North Coast January 18, 2020 | 7:36 am

Remembering José “Puerto Plata” Cobles: one of the DR’s hidden treasures

Renn Loren


As a lifelong singer, guitarist, and writer of songs and former major-label recording artist, I find the Dominican Republic to be an endlessly rewarding island of musical wonders and hidden treasures.

Those ambitious enough to venture beyond the warm, sunny seduction of the island’s beaches are often rewarded with a wide variety of hidden geographic treasures: valleys, caves, waterfalls, and scenic trails await those who dig a little deeper than just the usual superficial tourist experience. 

And so it is also with the Dominican Republic’s indigenous music.

Any tourist worth their salt shakers and flip flops is all-too-familiar with the merengue, bachata, and reggaeton rhythms and music that dominate the radio and musical landscape of the DR. But, if you look a little deeper, there are all kinds of variations and subgenres. There are some stunningly talented guitar pickers, strummers, and vocalists here, and one of the best was José “Puerto Plata” Cobles.



Born August 4, 1923, in Puerto Plata, José Cobles was better known by the nickname Puerto Plata in honor of his hometown. 

The sonero Puerto Plata sang a style reminiscent of the Dominican guitar tradition of the 1930s and 1940s, when bolero, merengue, and son were all variations of the same Afro-Iberian fusion.

Under the dictatorship of Rafael Leónidas Trujillo, few recordings were made of guitar music in the Dominican republic. Trujillo favored merengue tipico, a rustic style of merengue played with the accordion. While guitar music was still immensely popular among the poor, it was looked down on by the nation’s elite, and few opportunities were given for guitar-based groups to record or perform in the more classy upscale venues. 

So, like other famous singers of the time, Puerto Plata found eager audiences in the underground cabaret dance halls of Dominican Santiago’s rough and tumble red-light districts.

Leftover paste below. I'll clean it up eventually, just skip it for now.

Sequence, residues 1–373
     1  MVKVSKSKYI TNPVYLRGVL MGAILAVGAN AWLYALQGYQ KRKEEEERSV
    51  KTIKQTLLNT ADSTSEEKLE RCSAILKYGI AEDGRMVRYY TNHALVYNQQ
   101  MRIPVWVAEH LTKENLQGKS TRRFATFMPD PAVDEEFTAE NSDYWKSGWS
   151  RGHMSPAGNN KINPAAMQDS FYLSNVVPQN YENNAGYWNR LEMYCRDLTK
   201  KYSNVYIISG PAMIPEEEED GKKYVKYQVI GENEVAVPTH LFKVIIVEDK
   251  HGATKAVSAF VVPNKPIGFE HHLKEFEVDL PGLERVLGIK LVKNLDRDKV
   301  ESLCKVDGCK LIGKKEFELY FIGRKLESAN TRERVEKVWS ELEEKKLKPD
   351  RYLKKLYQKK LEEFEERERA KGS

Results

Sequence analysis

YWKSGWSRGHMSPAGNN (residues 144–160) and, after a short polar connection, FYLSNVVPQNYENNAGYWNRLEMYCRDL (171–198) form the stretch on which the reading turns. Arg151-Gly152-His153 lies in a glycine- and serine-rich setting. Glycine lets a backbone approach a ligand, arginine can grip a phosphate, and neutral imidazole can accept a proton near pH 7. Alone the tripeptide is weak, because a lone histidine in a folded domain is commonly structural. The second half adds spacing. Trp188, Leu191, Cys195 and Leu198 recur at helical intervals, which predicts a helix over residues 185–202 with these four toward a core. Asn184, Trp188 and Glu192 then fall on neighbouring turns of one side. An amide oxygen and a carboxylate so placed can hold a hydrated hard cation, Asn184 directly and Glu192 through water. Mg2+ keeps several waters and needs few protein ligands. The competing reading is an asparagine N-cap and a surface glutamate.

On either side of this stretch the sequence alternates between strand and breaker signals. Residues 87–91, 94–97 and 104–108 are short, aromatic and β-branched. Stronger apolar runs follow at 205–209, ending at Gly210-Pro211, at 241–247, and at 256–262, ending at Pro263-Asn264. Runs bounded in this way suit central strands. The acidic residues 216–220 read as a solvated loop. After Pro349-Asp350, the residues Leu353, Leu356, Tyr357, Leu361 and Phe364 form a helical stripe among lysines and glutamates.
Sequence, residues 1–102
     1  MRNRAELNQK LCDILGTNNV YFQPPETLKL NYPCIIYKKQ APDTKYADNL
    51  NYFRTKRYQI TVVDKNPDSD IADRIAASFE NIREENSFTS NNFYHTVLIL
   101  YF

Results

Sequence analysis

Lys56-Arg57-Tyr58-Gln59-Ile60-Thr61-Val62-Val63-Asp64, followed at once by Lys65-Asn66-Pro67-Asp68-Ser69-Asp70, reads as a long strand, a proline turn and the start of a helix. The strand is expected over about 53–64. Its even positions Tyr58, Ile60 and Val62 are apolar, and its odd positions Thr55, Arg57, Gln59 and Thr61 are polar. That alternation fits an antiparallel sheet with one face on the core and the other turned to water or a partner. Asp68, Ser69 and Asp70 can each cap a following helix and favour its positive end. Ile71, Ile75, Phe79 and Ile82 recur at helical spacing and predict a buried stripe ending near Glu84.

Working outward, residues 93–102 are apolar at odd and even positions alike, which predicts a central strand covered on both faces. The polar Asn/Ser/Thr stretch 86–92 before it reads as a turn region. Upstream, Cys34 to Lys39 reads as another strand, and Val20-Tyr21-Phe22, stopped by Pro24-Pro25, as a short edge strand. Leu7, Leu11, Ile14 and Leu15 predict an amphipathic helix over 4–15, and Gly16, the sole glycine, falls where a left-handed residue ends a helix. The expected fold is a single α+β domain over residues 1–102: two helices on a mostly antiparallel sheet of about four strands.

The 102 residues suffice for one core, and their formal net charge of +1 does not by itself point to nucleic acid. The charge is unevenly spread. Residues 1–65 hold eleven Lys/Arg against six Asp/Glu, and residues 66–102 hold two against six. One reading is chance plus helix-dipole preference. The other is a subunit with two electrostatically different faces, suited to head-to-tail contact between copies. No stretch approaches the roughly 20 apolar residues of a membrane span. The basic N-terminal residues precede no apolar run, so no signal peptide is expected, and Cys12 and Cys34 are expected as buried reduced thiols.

After Trujillo’s assassination in 1961, guitar music continued to be stigmatized. Still, an industry began to grow and gather around popular guitar acts, which by then were evolving a style that has come to be known as bachata.

José “Puerto Plata” Cobles was one of the few surviving examples of the style of music played in the Trujillo period – before Dominican guitar music evolved into bachata. Compared to modern bachateros, Puerto Plata’s style, while strongly Dominican, is closer to that of contemporary Cuban masters like Trio Matamoros and Antonio Machin.

Puerto Plata’s three uncles were musicians, and he recalls Sundays spent at their house in the presence of such legends of Dominican music as composer Juan Lockward and singer Eduardo Brito. His mother died when he was young, and upon the death of his grandmother when he was 16, he went to work as a carpenter for the United Fruit Company. His work took him to Manzanillo, to Panama, and finally led him to settle in Santiago (in the Dominican Republic) at the age of 27. There, because of his hometown, he was christened with the nickname “Puerto Plata.” It was when he was living in Manzanillo that he began to save pennies in a shoebox until he was able to buy his first guitar for 20 Dominican pesos. He was 24 years old.